I wouldn't dare try Pringle and Ballantyne cashmere made these days. Haven't even tried buying 90's Pringle cashmere, and rarely have bought Ballantyne after the 80's. The Ballantyne l have bought after the 80's hasn't been up to snuff (too much pilling). Ballantyne 2000 wool = uninspiring, nothing like the old Ballantyne (awful modern design and boring wool that looks like synthetic).

Hermes made-in-Scotland cashmere is the best made today. The closest cashmere jumpers made to the old standards. A nice thick ply with some pilling, but plush and luxurious.

I made some interesting posts about why I THINK cashmere started to pill after the 80's. The democratisation of cashmere overpopulated the land of goats and quickly ruined the land of natural feed growing in those regions, and alternatives had to be found with a feed source that was inferior.
This one I will let The Shooman The Shooman answer.
 

Panama

Well-Known Member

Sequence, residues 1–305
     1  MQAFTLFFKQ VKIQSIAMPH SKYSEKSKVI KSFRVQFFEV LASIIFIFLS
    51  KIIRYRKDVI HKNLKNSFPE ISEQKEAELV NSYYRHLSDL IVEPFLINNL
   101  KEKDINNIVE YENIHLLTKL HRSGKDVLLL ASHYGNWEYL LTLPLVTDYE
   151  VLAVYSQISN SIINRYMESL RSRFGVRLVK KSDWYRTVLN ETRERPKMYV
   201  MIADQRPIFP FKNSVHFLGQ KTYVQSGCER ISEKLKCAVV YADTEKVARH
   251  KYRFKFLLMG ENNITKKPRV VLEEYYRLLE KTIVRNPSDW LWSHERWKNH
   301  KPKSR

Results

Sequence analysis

Messages
286
I wouldn't dare try Pringle and Ballantyne cashmere made these days. Haven't even tried buying 90's Pringle cashmere, and rarely have bought Ballantyne after the 80's. The Ballantyne l have bought after the 80's hasn't been up to snuff (too much pilling). Ballantyne 2000 wool = uninspiring, nothing like the old Ballantyne (awful modern design and boring wool that looks like synthetic).

Hermes made-in-Scotland cashmere is the best made today. The closest cashmere jumpers made to the old standards. A nice thick ply with some pilling, but plush and luxurious.

I made some interesting posts about why I THINK cashmere started to pill after the 80's. The democratisation of cashmere overpopulated the land of goats and quickly ruined the land of natural feed growing in those regions, and alternatives had to be found with a feed source that was inferior.
There Belend. But Hermes costs £930.00, which is a different market to most other brands except Cucinelli, Colombo and Loro Piana.
 

The Shooman

A Pretty Face
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3,244